Wilson Center Event: How Zika Is Shaping the Sexual and Reproductive Health and Rights Agenda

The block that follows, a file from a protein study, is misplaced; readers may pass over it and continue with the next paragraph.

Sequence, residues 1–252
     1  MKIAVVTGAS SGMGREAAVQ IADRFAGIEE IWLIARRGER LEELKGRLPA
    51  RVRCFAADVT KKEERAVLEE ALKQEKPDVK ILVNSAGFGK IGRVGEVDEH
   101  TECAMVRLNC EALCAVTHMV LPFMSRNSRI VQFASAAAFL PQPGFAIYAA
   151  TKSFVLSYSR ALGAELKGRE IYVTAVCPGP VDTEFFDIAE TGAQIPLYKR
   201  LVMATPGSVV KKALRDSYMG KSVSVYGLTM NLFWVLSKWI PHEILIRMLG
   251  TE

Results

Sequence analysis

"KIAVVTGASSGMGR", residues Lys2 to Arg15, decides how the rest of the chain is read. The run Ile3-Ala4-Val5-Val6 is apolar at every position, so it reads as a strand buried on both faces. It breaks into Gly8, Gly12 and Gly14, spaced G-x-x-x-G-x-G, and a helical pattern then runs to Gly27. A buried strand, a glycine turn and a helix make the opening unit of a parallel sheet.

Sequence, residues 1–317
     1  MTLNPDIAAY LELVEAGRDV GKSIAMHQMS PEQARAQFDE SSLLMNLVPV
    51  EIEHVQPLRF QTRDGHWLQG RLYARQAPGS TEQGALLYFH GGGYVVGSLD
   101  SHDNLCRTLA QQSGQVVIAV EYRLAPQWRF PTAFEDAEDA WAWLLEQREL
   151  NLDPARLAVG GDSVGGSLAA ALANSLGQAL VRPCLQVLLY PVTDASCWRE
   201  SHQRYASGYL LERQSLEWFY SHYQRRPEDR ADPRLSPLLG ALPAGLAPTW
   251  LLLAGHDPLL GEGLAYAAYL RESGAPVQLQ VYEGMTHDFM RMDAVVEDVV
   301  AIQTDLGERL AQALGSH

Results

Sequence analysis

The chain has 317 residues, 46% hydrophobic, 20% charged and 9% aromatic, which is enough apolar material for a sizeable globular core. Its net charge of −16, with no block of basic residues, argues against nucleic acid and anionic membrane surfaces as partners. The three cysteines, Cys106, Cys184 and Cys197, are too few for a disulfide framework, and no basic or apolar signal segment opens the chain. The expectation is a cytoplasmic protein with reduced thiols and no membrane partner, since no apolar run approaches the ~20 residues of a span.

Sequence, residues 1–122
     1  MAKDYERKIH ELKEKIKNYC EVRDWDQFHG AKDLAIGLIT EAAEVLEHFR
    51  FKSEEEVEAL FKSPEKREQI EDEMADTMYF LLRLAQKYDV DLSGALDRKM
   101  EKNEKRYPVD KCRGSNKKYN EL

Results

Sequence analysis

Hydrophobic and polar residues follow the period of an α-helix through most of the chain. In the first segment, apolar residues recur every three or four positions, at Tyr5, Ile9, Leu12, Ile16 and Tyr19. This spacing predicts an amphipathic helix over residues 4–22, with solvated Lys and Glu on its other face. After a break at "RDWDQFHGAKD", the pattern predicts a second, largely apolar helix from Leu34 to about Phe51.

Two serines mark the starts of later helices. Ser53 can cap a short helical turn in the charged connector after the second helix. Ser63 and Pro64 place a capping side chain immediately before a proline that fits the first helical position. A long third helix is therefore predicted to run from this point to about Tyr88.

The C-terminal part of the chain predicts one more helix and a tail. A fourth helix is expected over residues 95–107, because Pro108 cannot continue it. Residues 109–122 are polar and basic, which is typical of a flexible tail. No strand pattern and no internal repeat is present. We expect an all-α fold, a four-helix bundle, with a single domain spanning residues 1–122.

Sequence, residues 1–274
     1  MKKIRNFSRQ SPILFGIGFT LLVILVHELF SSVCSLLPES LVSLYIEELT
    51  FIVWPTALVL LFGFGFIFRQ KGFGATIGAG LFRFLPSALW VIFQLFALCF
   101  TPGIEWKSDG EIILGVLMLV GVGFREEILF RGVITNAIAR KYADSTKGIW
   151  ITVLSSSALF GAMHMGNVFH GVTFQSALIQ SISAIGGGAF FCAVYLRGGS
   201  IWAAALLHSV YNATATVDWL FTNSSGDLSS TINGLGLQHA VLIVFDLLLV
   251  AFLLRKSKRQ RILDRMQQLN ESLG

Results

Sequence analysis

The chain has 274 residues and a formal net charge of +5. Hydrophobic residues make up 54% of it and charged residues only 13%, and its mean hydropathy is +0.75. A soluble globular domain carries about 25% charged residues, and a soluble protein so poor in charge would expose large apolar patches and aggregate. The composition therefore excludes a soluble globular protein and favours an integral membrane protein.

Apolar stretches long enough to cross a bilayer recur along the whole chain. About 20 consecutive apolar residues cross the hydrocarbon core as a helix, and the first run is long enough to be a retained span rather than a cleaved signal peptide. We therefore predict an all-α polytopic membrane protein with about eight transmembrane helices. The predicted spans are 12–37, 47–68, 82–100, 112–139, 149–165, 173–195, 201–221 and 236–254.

first_img ShareEmailPrint To learn more, read: Posted on March 30, 2016February 26, 2018Click to share on Facebook (Opens in new window)Click to share on Twitter (Opens in new window)Click to share on LinkedIn (Opens in new window)Click to share on Reddit (Opens in new window)Click to email this to a friend (Opens in new window)Click to print (Opens in new window)We are excited to announce the upcoming dialogue, How Zika Is Shaping the Sexual and Reproductive Health and Rights Agenda, on Tuesday, April 12 in Washington, DC. This event is part of the Maternal Health Task Force’s Advancing Dialogue on Maternal Health Series, in partnership with UNFPA and the Wilson Center.As an international public health emergency with strong links to birth defects, the rampant spread of the Zika virus has garnered significant attention in the maternal health community. With both the transmission and implications of the virus intrinsically tied to the most disadvantaged women and their sexual and reproductive health and rights, the Zika outbreak presents an opportunity to set the conversation on access, quality, and equity of sexual and reproductive health care in affected countries.Interested in attending? See the invitation from the Wilson Center below to learn more details and register for the event.When: Tuesday, April 12, 2016 12:00 pm – 3:00 pm EDT. Light fare included.Where: The Wilson Center, 6th Floor Auditorium, Ronald Reagan Building and International Trade Center, One Woodrow Wilson Plaza, 1300 Pennsylvania, Ave., NW, Washington, D.C. 20004On February 1, the World Health Organization declared the cluster of microcephaly cases associated with the Zika virus an international public health emergency. The virus is spreading throughout more than 20 countries and territories in the Americas predominantly via the Aedes mosquito, but sexual transmission is also possible. Some governments of affected countries, such as Brazil and El Salvador, have issued advisories to women to avoid pregnancy – in El Salvador’s case, for the next two years.However, women in many of these countries have limited if any access to contraceptive and reproductive health services to prevent pregnancy. If they do become pregnant, finding and using maternal and newborn health services is equally challenging. The outbreak is especially detrimental to the most disadvantaged women in low income and rural areas, where sanitation is poor and resources are low.How can the global health community frame and lead the dialogue about women’s sexual and reproductive health and rights in Zika-infected areas? How can the Zika response be an opportunity to bolster health infrastructure and capacity in affected countries? Join us April 12 at the Wilson Center as we explore these questions and discuss solutions.PresentationsMarcia Castro, Associate Professor of Demography, Department of Global Health and Population, Harvard T.H. Chan School of Public HealthJaime Nadal Roig, Representative to Brazil, United Nations Population FundPanelAlaka Basu, Senior Fellow, United Nations FoundationAnne Burke, Associate Professor of Gynecology and Obstetrics, Johns Hopkins University School of MedicineChloë Cooney, Director of Global Advocacy, Planned Parenthood Federation of AmericaFrançoise Girard, President, International Women’s Health CoalitionRepresentative from the Pan American Health Organization (Invited)ModeratorsLaura Laski, Chief of Sexual and Reproductive Health, United Nations Population FundRoger-Mark De Souza, Director of Population, Environmental Security, and Resilience, Wilson CenterRemarksCongressman Eliot Engel, U.S. Member of the House of Representatives, New York 16th Congressional DistrictEvent DetailsRegister for the event here.Want to attend but can’t?Tune in to the live or archived webcast at WilsonCenter.org (archived webcasts go up after the meeting).Media guests, including TV crews, should RSVP directly with Francesca Cameron. Media bringing heavy electronics MUST indicate this in their response so they may be admitted into the building.Join the conversation on Twitter at @NewSecurityBeat and @MHTF and by following #MHdialogue. To find more coverage of these issues on the Wilson Center’s blog, NewSecurityBeat.org.See a video of the event>>Share this:last_img

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